A Vulture’s Daydream.

The trail hand was complaining about bad cards. Doc ignored him, and dealt the man another losing hand.

It was hot in the airless saloon. Doc was shining with sweat, and coughed into a handkerchief.

As Doc reached for the money in the center of the table, the trail hand suggested the deal had been less than fair. Everyone got quiet.

Both men rose from their chairs. Time stood still, and so did they. Head to head. Eye to eye.

Doc coughed. The trail hand didn’t care about the spray of fevered breath. He cared about Doc’s gun hand.

Doc said, “Sir, I am too unwell to draw at this time.” Backing away, palms open, he added, “Take the pot.” Doc turned, and disappeared through swinging doors into the Arizona night.

Weeks later, back on the open range, the trail hand watched a Turkey Vulture circling him at end of day as he rode.

The vulture and a nagging cough had been recent acquisitions.

The trail hand, chilled and sweating, spit a bloody slime onto a nearby rock. The blood turned from red to black in the setting sun.

Doc Holiday never knew about the blackness on the rock, or that he’d earned himself another sort of notch.

7 Responses to “A Vulture’s Daydream.”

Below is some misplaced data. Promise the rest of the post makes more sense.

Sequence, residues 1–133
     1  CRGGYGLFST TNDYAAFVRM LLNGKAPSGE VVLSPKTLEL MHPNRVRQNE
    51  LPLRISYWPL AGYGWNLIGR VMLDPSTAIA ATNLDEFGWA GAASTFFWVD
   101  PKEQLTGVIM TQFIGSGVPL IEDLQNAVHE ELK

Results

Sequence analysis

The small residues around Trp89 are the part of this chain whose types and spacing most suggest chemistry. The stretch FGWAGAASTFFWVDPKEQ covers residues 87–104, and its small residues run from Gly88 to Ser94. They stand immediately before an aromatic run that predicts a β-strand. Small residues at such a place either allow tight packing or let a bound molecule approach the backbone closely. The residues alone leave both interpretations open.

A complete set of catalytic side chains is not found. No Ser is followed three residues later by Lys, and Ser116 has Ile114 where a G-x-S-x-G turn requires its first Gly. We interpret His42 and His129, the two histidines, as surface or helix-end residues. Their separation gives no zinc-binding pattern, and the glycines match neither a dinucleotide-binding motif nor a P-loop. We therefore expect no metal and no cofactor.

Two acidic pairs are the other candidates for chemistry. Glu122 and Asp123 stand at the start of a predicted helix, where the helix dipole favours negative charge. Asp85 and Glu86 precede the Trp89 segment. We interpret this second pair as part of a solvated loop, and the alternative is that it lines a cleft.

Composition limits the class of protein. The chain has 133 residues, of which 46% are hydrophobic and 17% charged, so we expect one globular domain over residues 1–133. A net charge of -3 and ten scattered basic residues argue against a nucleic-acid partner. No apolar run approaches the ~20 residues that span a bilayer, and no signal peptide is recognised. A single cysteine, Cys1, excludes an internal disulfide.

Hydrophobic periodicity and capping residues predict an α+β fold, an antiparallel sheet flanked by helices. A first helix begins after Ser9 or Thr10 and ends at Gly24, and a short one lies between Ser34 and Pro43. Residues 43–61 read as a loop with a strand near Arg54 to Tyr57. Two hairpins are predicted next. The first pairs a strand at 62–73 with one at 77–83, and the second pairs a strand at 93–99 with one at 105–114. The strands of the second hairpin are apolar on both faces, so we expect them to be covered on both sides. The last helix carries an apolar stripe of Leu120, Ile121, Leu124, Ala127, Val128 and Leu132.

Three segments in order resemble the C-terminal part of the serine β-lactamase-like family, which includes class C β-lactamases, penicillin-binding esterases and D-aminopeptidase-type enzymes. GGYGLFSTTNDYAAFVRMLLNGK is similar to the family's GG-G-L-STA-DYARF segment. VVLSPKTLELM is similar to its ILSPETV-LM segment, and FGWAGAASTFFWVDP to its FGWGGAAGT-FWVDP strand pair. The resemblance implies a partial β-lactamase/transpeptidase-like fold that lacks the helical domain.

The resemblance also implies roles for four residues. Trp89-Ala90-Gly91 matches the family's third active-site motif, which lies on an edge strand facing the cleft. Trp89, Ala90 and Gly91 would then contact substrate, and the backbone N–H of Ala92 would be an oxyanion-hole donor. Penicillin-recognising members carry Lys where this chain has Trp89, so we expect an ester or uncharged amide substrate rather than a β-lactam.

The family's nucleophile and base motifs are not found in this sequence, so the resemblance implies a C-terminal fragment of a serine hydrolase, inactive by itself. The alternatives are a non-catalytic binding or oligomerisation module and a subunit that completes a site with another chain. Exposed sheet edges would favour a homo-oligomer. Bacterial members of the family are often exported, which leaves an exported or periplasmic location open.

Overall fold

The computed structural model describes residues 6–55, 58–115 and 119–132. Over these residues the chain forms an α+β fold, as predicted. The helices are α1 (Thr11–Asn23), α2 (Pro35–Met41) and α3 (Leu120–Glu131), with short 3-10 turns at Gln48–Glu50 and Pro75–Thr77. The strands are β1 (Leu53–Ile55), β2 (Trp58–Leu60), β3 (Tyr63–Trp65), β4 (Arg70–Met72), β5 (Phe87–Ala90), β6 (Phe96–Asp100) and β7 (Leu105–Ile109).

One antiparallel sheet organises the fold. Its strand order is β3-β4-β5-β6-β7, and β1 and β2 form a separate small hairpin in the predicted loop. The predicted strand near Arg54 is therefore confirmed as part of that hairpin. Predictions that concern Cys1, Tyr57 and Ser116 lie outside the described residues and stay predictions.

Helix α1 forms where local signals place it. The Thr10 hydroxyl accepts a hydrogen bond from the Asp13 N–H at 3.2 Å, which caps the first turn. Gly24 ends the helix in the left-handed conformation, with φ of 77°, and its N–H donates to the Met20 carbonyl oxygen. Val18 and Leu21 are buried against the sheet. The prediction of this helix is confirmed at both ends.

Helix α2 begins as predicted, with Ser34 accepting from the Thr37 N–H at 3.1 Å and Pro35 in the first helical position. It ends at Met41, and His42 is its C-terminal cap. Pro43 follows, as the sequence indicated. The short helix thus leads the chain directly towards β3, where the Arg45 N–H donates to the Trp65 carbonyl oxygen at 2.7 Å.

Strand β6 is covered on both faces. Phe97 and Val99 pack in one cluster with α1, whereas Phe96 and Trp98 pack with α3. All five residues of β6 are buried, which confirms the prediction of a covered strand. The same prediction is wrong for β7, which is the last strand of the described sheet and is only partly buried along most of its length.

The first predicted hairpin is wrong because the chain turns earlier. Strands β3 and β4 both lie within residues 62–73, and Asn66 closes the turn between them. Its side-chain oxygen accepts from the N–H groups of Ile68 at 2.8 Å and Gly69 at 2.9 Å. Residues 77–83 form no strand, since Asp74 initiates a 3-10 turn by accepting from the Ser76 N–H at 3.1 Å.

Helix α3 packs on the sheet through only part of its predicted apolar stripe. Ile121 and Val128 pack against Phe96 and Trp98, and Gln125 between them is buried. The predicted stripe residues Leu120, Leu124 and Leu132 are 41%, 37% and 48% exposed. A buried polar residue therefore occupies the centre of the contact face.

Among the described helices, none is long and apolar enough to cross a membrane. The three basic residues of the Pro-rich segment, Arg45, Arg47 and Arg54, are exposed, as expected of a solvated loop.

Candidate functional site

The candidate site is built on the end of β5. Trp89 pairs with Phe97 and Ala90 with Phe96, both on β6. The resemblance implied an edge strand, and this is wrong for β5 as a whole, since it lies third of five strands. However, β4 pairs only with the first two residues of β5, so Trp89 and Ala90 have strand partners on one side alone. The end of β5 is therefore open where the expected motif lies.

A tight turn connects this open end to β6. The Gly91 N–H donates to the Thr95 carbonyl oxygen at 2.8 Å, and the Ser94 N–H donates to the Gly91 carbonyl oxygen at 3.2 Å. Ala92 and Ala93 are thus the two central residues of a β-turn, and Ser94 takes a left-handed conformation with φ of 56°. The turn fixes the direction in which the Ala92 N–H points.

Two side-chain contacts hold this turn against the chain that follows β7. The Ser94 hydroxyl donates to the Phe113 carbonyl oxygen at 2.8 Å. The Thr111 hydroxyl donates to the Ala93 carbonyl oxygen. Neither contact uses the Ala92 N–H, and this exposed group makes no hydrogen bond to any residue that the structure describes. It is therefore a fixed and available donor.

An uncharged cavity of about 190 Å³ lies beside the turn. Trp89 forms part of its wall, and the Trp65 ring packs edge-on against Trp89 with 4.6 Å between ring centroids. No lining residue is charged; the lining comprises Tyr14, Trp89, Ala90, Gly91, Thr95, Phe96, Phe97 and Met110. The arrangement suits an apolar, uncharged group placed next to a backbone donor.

1. marc says:

    …a piece of advice from Nelson Algren: “Never play poker with a man called Doc.”

  2. typehype says:

    The end made me laugh. I love the “earned himself another sort of notch.” Funny.

  3. Rick says:

    That’s quite an imagination ya got there, Pilgrim.

    Ya best leave it on the table where we all can see it whilst ya deal us another round — otherwise, things could get ugly . . . just some friendly advice.

  4. Marc says:

    TB or not TB.

  5. Jeff says:

    this is a perfect story for my wife, who both loves Tombstone, and gets coughed on often by our toddler 🙂

  6. Rob says:

    More! Can’t get enough doc Holliday…

    That’s a new take on a trope.


  7. Lem Mason says:

    This would make a perfect illustrated comic book type story. Sort of like the kind from the 50’s and 60’s. I’m an artist, I can see the whole thing, panel by panel, in my head!
    Very evocative!!